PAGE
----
Dixons Carphone issues profit warning as cost of mobile phones soar

Dixons Carphone

Dixons Carphone has issued a profit warning in its first quarter update as sales of mobile phones decline thanks to rising prices incurred from the Brexit-induced collapse of the pound.

In an unscheduled trading update for the 13 week period to July 29, the technology giant bemoaned “challenging conditions in the UK mobile phone market”.

Dixons Carphone — which owns and operates retail chains Currys, PC World and Carphone Warehouse in the UK and several other brands in Scandinavia and Greece — now expects headline pre-tax profit for the full year to be in the range of £360 million to £440 million.

This is a significant drop from analyst predictions of between £460 million and £485 million and well below the £501 million forecast last year.

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“Over the last few months we have seen a more challenging UK post-pay mobile phone market,” chief executive Seb James said.

“Currency fluctuations have meant that handsets have become more expensive whilst technical innovation has been more incremental.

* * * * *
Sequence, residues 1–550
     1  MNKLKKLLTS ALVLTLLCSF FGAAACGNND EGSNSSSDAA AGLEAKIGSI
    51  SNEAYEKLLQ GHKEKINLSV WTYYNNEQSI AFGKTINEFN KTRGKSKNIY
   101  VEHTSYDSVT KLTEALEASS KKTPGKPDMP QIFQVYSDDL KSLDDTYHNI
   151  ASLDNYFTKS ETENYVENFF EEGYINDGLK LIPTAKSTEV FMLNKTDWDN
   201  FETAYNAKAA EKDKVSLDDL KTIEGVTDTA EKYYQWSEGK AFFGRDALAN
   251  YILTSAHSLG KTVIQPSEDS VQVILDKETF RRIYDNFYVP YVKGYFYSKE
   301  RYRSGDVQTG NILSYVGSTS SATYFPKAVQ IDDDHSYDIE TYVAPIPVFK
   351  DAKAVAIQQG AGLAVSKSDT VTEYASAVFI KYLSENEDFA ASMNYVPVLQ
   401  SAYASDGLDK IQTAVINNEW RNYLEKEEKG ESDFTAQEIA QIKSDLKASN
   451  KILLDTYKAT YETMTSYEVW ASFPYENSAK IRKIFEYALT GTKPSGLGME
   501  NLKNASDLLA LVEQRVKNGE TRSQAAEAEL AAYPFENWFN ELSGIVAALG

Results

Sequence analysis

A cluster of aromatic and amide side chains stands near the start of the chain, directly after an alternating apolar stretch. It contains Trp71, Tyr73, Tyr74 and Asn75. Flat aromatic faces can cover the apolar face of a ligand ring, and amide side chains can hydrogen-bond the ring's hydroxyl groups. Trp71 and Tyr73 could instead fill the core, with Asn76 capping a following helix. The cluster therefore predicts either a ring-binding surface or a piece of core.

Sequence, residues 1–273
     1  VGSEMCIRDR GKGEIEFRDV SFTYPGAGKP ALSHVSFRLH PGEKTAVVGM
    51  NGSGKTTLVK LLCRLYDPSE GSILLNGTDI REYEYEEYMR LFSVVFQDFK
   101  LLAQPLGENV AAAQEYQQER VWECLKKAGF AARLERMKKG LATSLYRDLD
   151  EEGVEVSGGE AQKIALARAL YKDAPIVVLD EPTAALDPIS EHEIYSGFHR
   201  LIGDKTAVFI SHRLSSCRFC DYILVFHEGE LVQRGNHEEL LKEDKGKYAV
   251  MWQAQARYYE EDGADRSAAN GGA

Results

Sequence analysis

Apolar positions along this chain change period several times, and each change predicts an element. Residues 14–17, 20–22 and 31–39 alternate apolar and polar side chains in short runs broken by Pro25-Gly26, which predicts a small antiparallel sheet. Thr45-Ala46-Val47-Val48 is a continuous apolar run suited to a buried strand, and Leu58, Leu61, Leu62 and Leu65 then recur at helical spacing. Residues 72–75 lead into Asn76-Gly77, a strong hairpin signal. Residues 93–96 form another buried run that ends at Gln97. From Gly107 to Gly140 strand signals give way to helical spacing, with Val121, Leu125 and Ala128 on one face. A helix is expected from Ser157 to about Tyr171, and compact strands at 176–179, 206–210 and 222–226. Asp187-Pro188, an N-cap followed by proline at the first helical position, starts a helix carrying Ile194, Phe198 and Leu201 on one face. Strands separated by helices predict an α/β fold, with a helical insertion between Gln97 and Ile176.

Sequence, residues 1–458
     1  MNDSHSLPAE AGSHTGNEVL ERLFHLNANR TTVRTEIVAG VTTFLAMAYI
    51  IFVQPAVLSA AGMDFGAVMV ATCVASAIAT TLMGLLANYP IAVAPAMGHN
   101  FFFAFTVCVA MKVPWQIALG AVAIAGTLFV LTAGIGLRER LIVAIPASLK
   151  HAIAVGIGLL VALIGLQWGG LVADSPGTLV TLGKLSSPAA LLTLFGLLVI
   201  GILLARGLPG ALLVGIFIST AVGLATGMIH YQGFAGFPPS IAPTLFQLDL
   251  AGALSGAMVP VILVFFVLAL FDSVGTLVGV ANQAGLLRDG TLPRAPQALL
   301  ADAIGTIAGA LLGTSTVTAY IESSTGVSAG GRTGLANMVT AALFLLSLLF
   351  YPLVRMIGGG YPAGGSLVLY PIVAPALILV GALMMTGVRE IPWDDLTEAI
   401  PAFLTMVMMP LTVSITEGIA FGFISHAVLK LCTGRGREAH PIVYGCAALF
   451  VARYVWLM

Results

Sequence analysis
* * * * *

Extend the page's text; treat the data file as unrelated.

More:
“As a consequence, we have seen an increased number of people hold on to their phones for longer, and while it is too early to say whether important upcoming handset launches or the natural life cycle of phones will reverse this trend, we now believe it is prudent to plan on the basis that the overall market demand will not correct itself this year.”

READ MORE:  Dixons Carphone posts double digit growth

The company also said it would take a £10 million to £40 million hit from changes to EU roaming legislation, which will see mobile phone retailers now miss out on the cut of additional charges levied by telecoms firms.

Nonetheless, Dixon Carphone’s said its UK like-for-like sales were up four per cent in the period, while total sales rose one per cent.

Meanwhile, overall sales were up six per cent.

In its annual report for the year to April 29, the group reported a 10 per cent jump in pre-tax profits to £501 million, compared to £457 million a year prior.

Bottom line pre-tax profits also skyrocketed 47 per cent as group like-for-likes jumped four per cent.

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